Secure sudo without password 19 sep 2021 | Last updated: 29 dec 2023 00:00

Secure usage of sudo without passwords

Secure sudo without password

Passwordless sudo configuration


seems to be the Out-of-the-Box configuration on most Linux systems. Whilst this could be useful when installing, this should be removed shortly after. Combined with SSH password login (in stead of key-based) this quickly is a very short path to root: effectively, username + password is root.

Let's not go into the password hygiene topic here.

Let's see if we can make this safe and simple.

NOTE: If any other user can read other user's files or sockets, they can also gain access to other user's SSH agent context.


Many systems are configured with NOPASSWD in sudo. This is poor security, all an attacker needs is the context of the user. You'd do well to remove all NOPASSWD: strings from your sudo configuration (use sudo visudo and don't forget sudoers.d/*!)

Make sure you set sufficiently random passwords for all users, or use the ssh-agent method described below. You're already using keys to authenticate in SSH, right?!?

By default sudo will cache the password for 5 minutes. Any sudo command resets the timer to 5 minutes. To adjust, configure via sudo visudo

Defaults       timestamp_timeout=5

Get rid of password questions

You can use your ssh-agent / pageant on your client instead of using a password for using sudo.

Server config

Ubuntu seems to fail on DSA keys (prefix ssh-dss in authorized_keys). Fix this by adding to /etc/ssh/sshd_config:

PubkeyAcceptedKeytypes -ssh-dss,

Make sure that permissions on all ~/.ssh directories and authorized_keys files are appropriate, this setup will fail if the permissions are too wide.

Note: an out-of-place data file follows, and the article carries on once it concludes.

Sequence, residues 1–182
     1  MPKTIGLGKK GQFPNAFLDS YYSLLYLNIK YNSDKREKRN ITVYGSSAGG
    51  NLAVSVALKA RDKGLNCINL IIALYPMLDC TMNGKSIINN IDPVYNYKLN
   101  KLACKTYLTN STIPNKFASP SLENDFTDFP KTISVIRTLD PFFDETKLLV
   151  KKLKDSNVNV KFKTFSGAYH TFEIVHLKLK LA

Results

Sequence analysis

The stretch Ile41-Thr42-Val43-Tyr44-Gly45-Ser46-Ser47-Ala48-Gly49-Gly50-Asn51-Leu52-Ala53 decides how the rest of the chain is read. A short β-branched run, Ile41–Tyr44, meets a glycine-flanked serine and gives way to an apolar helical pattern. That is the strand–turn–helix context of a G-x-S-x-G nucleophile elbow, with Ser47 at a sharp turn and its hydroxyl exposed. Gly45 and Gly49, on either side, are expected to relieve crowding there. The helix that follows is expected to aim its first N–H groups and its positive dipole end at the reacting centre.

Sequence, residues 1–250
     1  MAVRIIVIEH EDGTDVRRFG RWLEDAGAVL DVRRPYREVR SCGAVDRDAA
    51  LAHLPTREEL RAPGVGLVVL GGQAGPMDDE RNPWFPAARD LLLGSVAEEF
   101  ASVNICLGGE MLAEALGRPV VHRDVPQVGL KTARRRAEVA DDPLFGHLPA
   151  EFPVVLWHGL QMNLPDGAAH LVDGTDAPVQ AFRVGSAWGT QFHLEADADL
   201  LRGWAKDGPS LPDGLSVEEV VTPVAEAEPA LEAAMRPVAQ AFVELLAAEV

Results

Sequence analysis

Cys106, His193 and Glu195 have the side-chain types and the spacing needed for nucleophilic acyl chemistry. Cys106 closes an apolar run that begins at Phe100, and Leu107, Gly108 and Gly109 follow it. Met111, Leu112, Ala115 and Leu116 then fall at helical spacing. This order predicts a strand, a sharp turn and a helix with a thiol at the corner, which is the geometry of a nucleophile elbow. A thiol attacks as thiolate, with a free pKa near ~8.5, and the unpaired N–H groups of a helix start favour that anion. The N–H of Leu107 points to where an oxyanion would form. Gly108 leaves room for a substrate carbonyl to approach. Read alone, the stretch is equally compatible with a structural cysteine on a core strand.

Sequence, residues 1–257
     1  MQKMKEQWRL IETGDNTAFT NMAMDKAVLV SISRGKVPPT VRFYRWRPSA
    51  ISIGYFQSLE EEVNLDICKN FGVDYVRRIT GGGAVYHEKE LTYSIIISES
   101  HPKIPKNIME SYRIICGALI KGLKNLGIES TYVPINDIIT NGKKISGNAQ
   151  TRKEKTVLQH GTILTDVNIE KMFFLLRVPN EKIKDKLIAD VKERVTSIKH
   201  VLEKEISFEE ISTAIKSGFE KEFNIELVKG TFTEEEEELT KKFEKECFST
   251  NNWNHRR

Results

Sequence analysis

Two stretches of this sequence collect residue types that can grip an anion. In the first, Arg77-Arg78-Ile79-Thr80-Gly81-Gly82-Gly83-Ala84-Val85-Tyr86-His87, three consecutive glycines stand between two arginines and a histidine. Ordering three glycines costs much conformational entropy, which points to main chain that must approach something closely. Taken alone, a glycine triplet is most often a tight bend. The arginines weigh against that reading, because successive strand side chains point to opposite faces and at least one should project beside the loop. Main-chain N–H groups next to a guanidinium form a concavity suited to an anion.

Install the PAM ssh agent module

FreeBSD: pkg install pam_ssh_agent_auth
Ubuntu: apt-get install libpam-ssh-agent-auth
RedHat: yum install pam_ssh_agent_auth

Configure PAM for sudo

To enable the module, add the following line to /usr/local/etc/pam.d/sudo (/etc/pam.d/sudo on Linux) early in the chain, before the first auth line.

auth sufficient file=~/.ssh/authorized_keys

You could use keys other than the one used for the connection

Configure sudo

NOTE: not all systems require this...

Make sure that the SSH_AUTH_SOCK is not clobbered when sudo is run, and disable password caching. Use sudo visudo and add after the other "Defaults" lines at the top of the file

Defaults       env_keep += SSH_AUTH_SOCK
Defaults       timestamp_timeout=0

Client configuration

Enable Agent Forwarding

OpenSSH: set ForwardAgent yes in ~/.ssh/config
PuTTY: Configuration in "Connection -> SSH -> Auth" enable "Allow Agent Forwarding"

Use the ssh authentication agent

OpenSSH: run ssh-agent and add your key with ssh-add
PuTTY: Start "Pageant" and load your key

Reuse existing ssh-agent session

If you're like me, you'll probably be running multiple/many shells. You can reuse an already running ssh-agent in terminals your start. Add (something like) this to your .profile (or .zshrc, .bashrc etc.)

# Check for an already running ssh-agent
agent_pid=`pgrep ssh-agent`
[ $? -ne 0 ] && agent_pid=-1
# Check persisted environment vars for ssh-agent
file_pid=`sed -ne 's/.*SSH_AGENT_PID=\([0-9]*\).*/\1/p' ~/.ssh/agent`
if [ ${agent_pid} -ne ${file_pid:=0} ] ; then
    # Start ssh-agent and load keys (you can add additional key-filenames) 
    ssh-agent > ~/.ssh/agent
    ( cd ~/.ssh; ssh-add id_ed25519 id_ecdsa; )
. ~/.ssh/agent